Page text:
"Though when he showed himself and read a proclamation to the soldiers many replied with shouts of ¡°Vive l¡¯Empereur,¡± the bulk of the troops refused to listen, and he was arrested with his companion, a M. Persigny, and sent to Paris. "

            The attempts of Louis Napoleon are described as imperialist echoes. The coverage, for the most part, sticks to the facts and does not make many judgmental remarks, but it is necessary to realize that the attempt was classified as strange. This conveys the Britannica's view that the coup of 1836 seemed rather reckless and that it was destined to end in vain.

B. Coup of 1840
Excerpt from the Britannica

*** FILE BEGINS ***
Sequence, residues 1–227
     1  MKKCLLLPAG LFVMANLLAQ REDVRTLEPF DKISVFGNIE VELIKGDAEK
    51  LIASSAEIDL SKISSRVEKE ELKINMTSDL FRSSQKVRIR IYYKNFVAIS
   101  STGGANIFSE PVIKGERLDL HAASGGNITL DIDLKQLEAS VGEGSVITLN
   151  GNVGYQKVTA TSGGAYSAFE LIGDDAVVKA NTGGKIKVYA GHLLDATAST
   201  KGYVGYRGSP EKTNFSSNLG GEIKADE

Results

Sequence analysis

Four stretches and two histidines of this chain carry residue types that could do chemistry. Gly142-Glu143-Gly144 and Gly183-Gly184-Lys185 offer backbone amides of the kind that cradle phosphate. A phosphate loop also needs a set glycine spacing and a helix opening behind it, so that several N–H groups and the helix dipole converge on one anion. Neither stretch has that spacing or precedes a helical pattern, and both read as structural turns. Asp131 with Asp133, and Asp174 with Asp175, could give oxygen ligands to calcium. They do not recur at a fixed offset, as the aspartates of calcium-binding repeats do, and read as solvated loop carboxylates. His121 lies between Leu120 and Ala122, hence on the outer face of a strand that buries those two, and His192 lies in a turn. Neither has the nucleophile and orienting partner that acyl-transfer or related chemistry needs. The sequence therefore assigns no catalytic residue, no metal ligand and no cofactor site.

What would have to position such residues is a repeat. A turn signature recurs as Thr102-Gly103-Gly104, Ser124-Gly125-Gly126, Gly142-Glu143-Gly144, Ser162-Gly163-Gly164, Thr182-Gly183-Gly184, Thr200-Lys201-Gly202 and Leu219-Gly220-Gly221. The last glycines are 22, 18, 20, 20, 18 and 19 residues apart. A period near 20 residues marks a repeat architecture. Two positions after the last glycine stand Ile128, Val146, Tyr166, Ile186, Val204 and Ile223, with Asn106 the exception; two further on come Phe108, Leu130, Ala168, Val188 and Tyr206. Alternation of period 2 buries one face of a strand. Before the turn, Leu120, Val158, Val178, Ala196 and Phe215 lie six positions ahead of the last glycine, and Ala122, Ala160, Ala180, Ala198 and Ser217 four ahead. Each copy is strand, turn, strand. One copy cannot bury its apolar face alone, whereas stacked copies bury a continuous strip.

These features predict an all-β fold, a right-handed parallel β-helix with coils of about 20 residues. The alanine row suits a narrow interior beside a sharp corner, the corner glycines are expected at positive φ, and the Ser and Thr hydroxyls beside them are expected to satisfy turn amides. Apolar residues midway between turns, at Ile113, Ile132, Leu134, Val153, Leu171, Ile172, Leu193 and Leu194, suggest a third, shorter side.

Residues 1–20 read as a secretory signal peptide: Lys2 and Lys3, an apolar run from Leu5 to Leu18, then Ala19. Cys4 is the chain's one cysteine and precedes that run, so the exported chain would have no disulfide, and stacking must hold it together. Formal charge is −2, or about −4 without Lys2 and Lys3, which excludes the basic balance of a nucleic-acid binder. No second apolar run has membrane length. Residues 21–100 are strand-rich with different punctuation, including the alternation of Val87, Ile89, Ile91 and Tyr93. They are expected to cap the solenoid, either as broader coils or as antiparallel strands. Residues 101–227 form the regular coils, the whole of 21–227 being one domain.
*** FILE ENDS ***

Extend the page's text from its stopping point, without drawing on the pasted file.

"The restoration to France in 1840 of the ashes of Napoleon, a rash act due to Louis Philippe himself, woke man a slumbering echo of the old national pride; Napoleon, it was urged, had never let his country fall, as the present Government had done, out of the foremost place in the councils of Europe. The second attempt of Louis Bonaparte to win over the garrison of Boulogne, in spite of the absurdities of the tame eagle, and the utter failure of the venture, added not a little to the popular uneasiness. By shutting up the adventurer in the castle of Ham, the Government made him a martyr, and roused much dormant sympathy for him."